I love the unanticipated pleasures delivered by Serendipity. For the first time since I left New York several decades ago, I’ve decided to live without a car. Conveniently, a bus that runs hourly to the downtown transit center is a three-minute walk from my house. With an occasional care hire, the situation is working out fine. I’m even getting more outdoor exercise and reading more books. Usually, I’m the only one who gets off at my stop in a mostly retiree neighborhood of semi-detached homes where most inhabitants own one or more cars. But occasionally, a Russian man has also debarked. He chats with what I presume is a colleague and his thick accent is unmistakable.
On the basis of our mutual support of public transportation, I figured we should meet. So, the other day, I hailed him.
“Sir? Excuse me,” I called as I strode to catch up with him in the darkness. He turned.
“We must be the only ones in our neighborhood who take the bus,” I opened.
“Yays. Zee public transportation in zees town iz faary goot. Zair iz no reason do drive zee car. I live mine in zee gerage.”
“What department are you in?” I inquired. In this small midwestern town there could be little doubt that he worked at the university. I figured it was either math or physics, the two fields from which Russians inundated U.S. academia in the 1990s.
“Mat,” he revealed as we walked.
When we got to my house, I announced “this is my place.” We stopped and introduced ourselves.
“Yoo shoult come end meed Nadja,” he suggested, once I told him I played the piano. He confided that Nadja played viola and couldn’t find anyone to play music with, which surprised me, since the university has a renowned music conservatory.
‘Why not?’ I thought. “I’d love to,” and we walked the half block down to his house. I thought regretfully about my beautiful Steinway upright that I rarely play and wondered if I could play well enough to accompany. It’d been a long time.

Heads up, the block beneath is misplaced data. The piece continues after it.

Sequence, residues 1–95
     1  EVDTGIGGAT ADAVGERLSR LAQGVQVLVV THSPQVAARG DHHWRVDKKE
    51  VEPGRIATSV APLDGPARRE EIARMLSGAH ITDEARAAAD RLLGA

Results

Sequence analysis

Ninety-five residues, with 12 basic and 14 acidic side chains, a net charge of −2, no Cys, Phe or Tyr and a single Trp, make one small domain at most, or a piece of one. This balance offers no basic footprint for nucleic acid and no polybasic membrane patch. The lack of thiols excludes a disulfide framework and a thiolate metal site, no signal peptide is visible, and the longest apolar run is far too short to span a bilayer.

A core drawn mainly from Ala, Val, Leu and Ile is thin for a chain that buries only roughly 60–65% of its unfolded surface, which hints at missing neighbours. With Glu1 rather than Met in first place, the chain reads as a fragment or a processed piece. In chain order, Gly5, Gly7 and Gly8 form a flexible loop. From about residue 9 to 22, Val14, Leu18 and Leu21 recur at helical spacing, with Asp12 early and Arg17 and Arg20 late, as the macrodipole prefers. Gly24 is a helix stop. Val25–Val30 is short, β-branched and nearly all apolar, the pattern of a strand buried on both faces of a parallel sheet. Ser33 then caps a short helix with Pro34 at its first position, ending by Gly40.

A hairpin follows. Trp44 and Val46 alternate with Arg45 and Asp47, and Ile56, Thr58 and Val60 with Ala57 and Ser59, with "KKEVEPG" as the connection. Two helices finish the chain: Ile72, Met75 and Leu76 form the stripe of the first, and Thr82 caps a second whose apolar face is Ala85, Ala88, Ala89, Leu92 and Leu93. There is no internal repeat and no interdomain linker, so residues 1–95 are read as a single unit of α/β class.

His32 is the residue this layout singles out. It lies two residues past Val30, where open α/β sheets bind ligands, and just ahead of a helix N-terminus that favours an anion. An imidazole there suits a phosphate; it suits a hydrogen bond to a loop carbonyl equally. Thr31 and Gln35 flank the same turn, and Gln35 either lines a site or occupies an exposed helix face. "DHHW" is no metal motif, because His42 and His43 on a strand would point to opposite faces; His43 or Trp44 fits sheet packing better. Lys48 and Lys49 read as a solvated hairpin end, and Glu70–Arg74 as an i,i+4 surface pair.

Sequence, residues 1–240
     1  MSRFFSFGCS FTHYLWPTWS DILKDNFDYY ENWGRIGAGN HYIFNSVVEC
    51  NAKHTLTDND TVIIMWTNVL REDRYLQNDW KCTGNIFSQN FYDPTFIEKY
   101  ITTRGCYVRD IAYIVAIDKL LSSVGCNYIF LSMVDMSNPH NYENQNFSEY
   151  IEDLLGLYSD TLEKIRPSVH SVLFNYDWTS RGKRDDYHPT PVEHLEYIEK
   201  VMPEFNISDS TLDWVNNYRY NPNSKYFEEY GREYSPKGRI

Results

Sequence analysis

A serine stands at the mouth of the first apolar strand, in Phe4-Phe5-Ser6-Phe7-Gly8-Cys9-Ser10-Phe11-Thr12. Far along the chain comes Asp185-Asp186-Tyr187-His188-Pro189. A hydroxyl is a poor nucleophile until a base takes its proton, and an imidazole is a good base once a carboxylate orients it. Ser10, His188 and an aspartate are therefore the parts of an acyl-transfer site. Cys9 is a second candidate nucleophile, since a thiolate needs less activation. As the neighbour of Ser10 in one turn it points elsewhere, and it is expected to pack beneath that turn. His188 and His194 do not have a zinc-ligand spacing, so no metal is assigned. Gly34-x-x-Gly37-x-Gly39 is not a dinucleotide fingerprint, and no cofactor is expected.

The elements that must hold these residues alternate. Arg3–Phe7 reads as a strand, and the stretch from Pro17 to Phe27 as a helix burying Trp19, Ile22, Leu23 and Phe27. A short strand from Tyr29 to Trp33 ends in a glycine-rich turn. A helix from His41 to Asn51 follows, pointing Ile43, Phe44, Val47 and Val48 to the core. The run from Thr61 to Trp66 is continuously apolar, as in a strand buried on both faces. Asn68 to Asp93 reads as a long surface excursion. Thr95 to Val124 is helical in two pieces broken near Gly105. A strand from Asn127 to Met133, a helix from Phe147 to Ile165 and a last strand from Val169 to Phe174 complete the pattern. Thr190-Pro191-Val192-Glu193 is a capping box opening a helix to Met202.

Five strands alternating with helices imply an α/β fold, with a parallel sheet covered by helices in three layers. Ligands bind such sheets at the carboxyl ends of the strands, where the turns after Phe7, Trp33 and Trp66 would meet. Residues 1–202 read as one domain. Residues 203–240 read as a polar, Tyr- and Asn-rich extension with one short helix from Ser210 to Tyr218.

I’d been the recipient (sometimes it can feel more like victim) of Slavic hospitality many times before, so what happened next felt both familiar and also special because I don’t expect it here in Purgatory. Nadja, welcomed me like an expected guest. When a drink was offered, I requested water, knowing ‘nothing, thank you’ wouldn’t be an appreciated response. She introduced me to their two sons, one living in Wisconsin, the other in Germany, and showed me her collectibles. I noticed a piano, a guitar, and several cases for violins and violas. She told me that musicians here were either too professional or too young, and she wanted a relaxed relationship of friendship and musical enjoyment.
“Do you know borscht?” Nadja asked.
“Of course,” I replied. And, next thing I knew, Sergei had set the table and we were sitting down to bowls of delicious, steaming hot borscht and talking about Nordic forests in summer and winter. They have a dacha in one and I used to live beside one. More common ground.
I left with the piano score to a J.C. Bach violin concerto and a promise to practice, reflecting contentedly as I trapsed home, on the pleasures of carlessness and serendipity.